Limitless clean energy, portable MRIs, more efficient quantum computing — these are just a few of the breakthroughs that could be made possible by the discovery of a superconductor that works at room temperature.
“If you made a room-temperature superconductor tomorrow … you’d be famous, you’d win the Nobel Prize,” said Damian Pope, senior manager of scientific research at the Perimeter Institute for Theoretical Physics in Waterloo, Ont.
So it is no wonder that social media is abuzz with news of LK-99, a material that purportedly acts as a superconductor at ambient pressure and temperatures as high as 127 C. A photo of the material levitating over a magnet caught many people’s attention, though experts have said this is no guarantee of superconductivity.
Meanwhile, researchers around the world, as well as some (ill-advised) amateur home scientists, are racing to replicate the results. So far, none have produced LK-99 and observed superconductivity.
This is only the most recent in a long line of claims about this “holy grail” of materials science, as Pope described it — which might explain why experts are approaching LK-99 with sentiments ranging from skepticism to cautious optimism.
“The public should be excited, but I think a certain amount of questioning is called for,” said Alannah Hallas, a principal investigator at the Stewart Blusson Quantum Matter Institute at the University of British Columbia in Vancouver.
What is the claim?
At the end of July, a team of researchers at the Quantum Energy Research Centre, a startup in Seoul, published two papers that have not undergone peer review on arXiv (pronounced “archive”), a pre-print server where scientists frequently report preliminary results.
The papers described LK-99, a new copper-substituted lead apatite — a compound consisting of copper, lead, phosphorous and oxygen. It is named after two of the researchers who discovered it and the year they say they first synthesized it.
What is particularly exciting about this claim is the relative ease of synthesizing the material, Hallas told CBC News in an interview. According to the published methods, LK-99 was created through solid-state synthesis. She compared the process to baking, but simpler, “because there’s no wet ingredients.”
“You just mix together your powder reagents, and you use a mortar and pestle typically to homogenize them to get everything mixed up very well,” said Hallas, who is also an assistant professor in UBC’s physics and astronomy department. “Then you put it in the oven.”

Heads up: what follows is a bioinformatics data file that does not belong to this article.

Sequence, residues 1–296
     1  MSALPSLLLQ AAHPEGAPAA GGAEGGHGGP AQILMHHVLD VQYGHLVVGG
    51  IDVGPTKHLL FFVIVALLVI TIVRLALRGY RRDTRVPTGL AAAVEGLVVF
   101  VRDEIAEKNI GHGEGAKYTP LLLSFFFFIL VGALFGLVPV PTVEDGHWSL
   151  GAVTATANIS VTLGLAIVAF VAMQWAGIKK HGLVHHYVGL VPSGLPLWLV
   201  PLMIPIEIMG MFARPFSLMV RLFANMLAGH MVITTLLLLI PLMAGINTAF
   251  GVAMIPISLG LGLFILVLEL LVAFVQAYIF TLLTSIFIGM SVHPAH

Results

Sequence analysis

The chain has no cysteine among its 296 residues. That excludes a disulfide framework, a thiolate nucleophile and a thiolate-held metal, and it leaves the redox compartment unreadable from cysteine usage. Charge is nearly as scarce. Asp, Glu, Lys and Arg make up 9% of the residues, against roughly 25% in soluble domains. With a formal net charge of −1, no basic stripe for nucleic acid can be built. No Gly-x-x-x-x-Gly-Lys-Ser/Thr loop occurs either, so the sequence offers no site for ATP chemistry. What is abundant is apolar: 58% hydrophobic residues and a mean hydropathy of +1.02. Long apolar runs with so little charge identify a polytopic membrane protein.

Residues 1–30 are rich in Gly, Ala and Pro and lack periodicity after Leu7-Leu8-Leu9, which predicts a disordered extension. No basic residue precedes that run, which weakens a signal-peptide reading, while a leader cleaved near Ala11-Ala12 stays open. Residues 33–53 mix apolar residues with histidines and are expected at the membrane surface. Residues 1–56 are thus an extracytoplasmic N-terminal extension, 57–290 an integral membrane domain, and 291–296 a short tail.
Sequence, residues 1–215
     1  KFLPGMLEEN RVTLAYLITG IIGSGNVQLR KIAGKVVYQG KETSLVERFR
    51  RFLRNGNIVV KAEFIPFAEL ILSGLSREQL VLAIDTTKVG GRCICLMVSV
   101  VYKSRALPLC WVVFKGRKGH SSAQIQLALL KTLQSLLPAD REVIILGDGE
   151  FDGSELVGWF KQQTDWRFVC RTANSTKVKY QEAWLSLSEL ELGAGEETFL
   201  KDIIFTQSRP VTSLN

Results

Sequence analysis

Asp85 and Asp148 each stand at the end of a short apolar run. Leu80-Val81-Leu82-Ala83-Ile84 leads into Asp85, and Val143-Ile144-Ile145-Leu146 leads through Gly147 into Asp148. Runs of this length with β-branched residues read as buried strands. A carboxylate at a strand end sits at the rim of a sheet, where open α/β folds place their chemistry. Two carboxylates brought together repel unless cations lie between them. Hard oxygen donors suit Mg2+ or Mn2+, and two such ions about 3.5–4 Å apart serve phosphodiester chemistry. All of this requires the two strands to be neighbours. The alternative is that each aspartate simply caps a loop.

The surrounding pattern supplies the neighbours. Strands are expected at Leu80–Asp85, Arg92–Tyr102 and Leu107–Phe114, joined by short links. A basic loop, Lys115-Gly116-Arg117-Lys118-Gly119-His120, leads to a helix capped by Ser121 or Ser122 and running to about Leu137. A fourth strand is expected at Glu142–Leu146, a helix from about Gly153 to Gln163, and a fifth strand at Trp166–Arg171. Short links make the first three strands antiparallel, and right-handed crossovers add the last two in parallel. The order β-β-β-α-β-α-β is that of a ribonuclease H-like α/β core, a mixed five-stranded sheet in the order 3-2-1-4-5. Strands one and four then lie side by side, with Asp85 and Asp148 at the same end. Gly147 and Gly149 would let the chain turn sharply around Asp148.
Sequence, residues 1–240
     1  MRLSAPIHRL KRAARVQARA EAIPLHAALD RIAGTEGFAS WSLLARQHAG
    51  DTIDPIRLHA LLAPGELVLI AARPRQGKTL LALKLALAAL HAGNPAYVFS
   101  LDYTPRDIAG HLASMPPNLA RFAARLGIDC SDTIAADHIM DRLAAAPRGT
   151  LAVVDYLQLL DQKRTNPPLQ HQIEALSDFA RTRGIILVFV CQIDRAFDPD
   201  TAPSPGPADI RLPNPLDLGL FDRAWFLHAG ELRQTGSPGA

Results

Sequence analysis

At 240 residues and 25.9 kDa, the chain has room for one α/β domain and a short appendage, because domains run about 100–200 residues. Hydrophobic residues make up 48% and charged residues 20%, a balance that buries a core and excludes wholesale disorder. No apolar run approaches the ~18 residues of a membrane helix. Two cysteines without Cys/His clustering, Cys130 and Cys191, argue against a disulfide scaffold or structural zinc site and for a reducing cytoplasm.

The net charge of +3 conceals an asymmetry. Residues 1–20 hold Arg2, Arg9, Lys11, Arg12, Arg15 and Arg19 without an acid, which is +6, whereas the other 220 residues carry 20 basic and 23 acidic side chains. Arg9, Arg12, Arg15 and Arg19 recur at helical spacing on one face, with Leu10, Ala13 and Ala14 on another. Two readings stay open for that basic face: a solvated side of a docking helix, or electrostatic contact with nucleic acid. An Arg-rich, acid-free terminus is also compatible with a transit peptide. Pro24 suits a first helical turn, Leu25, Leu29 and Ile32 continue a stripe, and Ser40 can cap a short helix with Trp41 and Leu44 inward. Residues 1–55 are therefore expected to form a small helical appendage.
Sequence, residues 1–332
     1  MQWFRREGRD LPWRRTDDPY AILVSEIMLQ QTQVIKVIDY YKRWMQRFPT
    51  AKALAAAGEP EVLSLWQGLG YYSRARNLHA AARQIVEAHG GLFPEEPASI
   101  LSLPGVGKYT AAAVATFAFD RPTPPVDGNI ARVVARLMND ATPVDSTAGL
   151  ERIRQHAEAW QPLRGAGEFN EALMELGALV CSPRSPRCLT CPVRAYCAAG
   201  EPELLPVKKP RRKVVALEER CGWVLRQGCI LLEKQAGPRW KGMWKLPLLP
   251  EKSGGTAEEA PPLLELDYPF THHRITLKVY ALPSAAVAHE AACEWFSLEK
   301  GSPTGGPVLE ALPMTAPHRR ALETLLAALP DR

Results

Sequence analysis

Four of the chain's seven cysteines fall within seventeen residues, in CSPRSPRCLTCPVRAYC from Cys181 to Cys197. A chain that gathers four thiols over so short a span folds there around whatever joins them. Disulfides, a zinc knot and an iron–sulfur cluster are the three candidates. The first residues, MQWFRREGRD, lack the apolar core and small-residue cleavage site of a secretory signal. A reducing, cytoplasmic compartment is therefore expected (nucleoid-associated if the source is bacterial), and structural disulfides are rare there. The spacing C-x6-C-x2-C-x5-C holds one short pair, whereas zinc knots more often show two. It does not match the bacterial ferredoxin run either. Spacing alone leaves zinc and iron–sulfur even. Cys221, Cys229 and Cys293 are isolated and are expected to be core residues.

Experts also emphasized that the researchers haven’t done anything incorrectly. It’s common practice to upload preliminary findings to a pre-print server, especially when it’s potentially a major breakthrough.
“If I believed that I had a room-temperature superconductor sitting in my lab … I also would probably post it on [arXiv] as fast as humanly possible,” Hallas said. “That is such a monumental discovery that could change the world … and then the scientific process will work as the scientific process does.”
What is a superconductor?
A material must have two key properties to be considered a superconductor. Below some critical temperature, it must expel all magnetic fields, through what’s known as the Meissner effect, and conduct electricity with zero resistance — meaning absolutely no energy is lost.
Hallas explained that at the atomic level, superconductors work because electrons pair up and stop behaving like electrons.
“Think of it as people dancing in a bar or in a nightclub,” she said. “In a normal metal, everyone is dancing by themselves and … doing their own thing. And maybe they’re, like, bumping into each other and hitting elbows.
“A superconductor is like a scene in a movie where a flash mob comes out and everyone knows all the dance moves and they’re dancing perfectly in sync. And so no one is bumping into anyone [and no energy is lost].”
🔥🔬 Exciting moment! We’re taking the samples out of the furnace after 6 hours at 925°C. 🌡️✨ Check out our video capturing our first try to get <a href=”https://twitter.com/hashtag/LK99?src=hash&ref_src=twsrc%5Etfw”>#LK99</a> substance. 🔍 <a href=”https://twitter.com/hashtag/ResearchUpdate?src=hash&ref_src=twsrc%5Etfw”>#ResearchUpdate</a> <a href=”https://twitter.com/hashtag/SampleAnalysis?src=hash&ref_src=twsrc%5Etfw”>#SampleAnalysis</a> <a href=”https://t.co/gy0MMc0sxO”>pic.twitter.com/gy0MMc0sxO</a>
So far, scientists have only been able to develop materials that keep those properties at extremely low temperatures or extremely high pressures, limiting their application and making them expensive to implement.
Superconductivity was first discovered over a century ago by Dutch physicist Heike Kamerlingh Onnes. He found that solid mercury becomes a superconductor at about –269 C — just four degrees above absolute zero. In the following decades, more superconducting materials were discovered with similar critical temperatures.